We travel a ways when another whale crosses our path. Fernando slows the panga way down, and the whale approaches. It is the same whale! We recognize the tail and other distinctive markings and of course the personality. From our location in the lagoon now, it appears that he has followed us, like a stray dog. It seems the only explanation.  By now I have convinced the rest of our group that this whale is lonely – a social outcast, and traumatized by the orca attacks. Everyone talks to him, quietly, still a tad nervous, but lovingly nonetheless. He seems calmer, less tail swishing. Despite the rough waters that make the starboard side of the boat more difficult for the whale, he comes to where I am seated and presents his head for a few precious seconds. I try to reach him with the tips of my fingers even while I feel doubt as to how he may react. With the rocking of the boat I can’t quite reach and his head slips beneath the surface. I look to Fernando – he points to his watch and gives us a stern look. It is time to head back. We give our thanks and say goodbye to our new friend and head back to the dock.

Juan, a fisherman by trade, and a real renaissance man as well, has brought us a gift of whitefish. Lots of whitefish. Of our little group of seven, one is vegan, one vegetarian, and four do not like fish. That leaves me. It is hard for me to fathom that here by the ocean, welcomed into a culture that has relied on the bounty of the sea for centuries, I am the only of us that is beside myself with excitement and genuine appreciation for this gift. Juan not only caught the fish, he cooks it as well. Luckily our lanchero amigos join us for dinner. Even so, and even after sending them home with several, I am still, three days later eating whitefish for breakfast, lunch, and dinner. Since this is essentially the only place and time I eat fish, for reasons of moral and ecological conscience, this is fine by me. It will have to carry me for another year. I am grateful to Juan, to the fish, to the sea that could sustain us if we just learned to take only what we need.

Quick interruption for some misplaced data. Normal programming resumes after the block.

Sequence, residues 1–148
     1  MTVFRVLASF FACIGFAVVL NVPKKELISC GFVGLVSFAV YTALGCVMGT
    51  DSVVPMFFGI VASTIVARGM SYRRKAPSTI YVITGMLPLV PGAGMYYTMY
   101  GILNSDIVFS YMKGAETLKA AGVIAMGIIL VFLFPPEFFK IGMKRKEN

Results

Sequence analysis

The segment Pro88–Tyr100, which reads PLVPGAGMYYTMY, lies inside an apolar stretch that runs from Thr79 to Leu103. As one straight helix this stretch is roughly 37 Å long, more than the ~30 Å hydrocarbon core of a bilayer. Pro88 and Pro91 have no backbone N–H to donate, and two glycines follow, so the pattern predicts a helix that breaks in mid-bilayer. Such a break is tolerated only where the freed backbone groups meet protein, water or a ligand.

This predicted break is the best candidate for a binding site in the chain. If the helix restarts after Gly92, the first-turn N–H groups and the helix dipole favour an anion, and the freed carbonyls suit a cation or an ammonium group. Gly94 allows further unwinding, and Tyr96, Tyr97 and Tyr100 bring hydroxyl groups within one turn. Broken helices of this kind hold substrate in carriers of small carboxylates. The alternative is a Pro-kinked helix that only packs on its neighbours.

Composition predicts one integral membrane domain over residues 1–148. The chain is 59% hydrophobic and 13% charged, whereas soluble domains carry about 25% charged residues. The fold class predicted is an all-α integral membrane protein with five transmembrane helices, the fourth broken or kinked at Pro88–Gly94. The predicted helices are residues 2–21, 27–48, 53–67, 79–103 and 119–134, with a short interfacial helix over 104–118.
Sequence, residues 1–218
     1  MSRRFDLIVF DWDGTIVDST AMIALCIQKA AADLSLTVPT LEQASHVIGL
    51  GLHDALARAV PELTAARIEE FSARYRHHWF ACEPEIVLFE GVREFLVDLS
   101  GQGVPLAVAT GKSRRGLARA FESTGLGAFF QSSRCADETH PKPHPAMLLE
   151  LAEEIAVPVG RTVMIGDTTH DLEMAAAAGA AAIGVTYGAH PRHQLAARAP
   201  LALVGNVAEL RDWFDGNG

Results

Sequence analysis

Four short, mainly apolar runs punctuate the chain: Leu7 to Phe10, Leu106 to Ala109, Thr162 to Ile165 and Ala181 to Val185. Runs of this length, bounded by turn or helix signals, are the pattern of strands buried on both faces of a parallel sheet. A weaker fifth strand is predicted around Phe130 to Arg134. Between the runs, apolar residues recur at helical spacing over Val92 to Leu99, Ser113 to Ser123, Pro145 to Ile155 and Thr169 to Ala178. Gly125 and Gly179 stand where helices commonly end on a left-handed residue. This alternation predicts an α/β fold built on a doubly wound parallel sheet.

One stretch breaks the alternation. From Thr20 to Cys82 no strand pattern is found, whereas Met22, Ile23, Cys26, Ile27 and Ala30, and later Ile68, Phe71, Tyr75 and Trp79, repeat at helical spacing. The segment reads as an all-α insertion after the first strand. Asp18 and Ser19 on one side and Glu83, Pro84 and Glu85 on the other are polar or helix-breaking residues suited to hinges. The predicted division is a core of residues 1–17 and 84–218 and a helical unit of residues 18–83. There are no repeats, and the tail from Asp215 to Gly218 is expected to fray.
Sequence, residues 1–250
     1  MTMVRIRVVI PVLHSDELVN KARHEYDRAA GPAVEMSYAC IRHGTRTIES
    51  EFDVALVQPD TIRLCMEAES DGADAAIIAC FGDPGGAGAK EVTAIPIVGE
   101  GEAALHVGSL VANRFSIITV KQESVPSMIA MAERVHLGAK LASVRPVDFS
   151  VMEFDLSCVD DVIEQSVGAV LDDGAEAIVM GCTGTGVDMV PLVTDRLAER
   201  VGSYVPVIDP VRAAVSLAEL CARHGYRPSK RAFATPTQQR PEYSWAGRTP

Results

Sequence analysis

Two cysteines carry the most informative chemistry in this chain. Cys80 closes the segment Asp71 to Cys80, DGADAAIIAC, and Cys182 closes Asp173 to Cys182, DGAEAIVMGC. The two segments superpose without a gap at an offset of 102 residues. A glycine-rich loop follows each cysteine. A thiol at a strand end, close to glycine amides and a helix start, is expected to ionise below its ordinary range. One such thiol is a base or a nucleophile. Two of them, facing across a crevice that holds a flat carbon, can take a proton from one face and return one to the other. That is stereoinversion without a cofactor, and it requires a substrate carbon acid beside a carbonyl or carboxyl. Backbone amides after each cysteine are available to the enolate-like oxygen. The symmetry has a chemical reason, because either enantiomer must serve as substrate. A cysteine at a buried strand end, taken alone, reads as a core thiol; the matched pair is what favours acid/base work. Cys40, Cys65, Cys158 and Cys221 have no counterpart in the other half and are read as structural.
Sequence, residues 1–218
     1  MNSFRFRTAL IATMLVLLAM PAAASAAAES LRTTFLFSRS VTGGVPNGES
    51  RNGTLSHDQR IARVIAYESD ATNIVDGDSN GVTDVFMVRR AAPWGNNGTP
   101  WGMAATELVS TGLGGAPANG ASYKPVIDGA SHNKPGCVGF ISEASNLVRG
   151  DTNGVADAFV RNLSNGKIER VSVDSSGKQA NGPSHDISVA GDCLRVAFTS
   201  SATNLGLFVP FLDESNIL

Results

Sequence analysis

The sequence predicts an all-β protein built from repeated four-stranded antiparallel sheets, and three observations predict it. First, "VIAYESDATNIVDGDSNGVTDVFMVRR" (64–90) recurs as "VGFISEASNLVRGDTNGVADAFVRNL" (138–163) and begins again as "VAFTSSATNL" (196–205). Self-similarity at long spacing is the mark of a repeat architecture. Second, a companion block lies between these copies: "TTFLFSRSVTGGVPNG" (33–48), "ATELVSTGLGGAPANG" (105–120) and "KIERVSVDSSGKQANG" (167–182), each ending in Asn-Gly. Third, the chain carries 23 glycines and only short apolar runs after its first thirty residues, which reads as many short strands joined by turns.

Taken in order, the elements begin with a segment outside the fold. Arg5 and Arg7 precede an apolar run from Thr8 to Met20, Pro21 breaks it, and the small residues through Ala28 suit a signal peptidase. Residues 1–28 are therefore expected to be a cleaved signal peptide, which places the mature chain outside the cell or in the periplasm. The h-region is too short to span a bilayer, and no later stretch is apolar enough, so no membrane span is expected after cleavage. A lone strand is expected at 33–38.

Around the campfire that night, we discover another side to Fernando. He is not as serious as first impressions would have us believe. He is talkative, quick-witted, and highly observant, with a good sense of humor. He spontaneously launches us into a campfire language lesson by asking Shari how to say certain phrases in English. Before long he has won all our hearts as he picks up the English quickly and asks for more. His agile mind is hungry. The teachers among us are thrilled – there is nothing we love more. Shari is tired, but true to form she comes electrically alive – ever the life of the party – and teaches around the campfire until we are all happily exhausted and ready for bed. She moves effortlessly from English to Spanish and back again and makes sure that every part of the conversation is translated in both languages. Sometimes the laughter is delayed as a story is passed into the other language, but this has the effect of prolonging the mirth in a kind of wave as the punch line is caught and carried.  Shari’s gift of translation coupled with her love of teaching and watching others connect and learn has turned what could have been a slightly awkward, quiet evening into a night of laughter and exuberant relating. A simple, yet profound experience. Sometimes I think this is all we really need.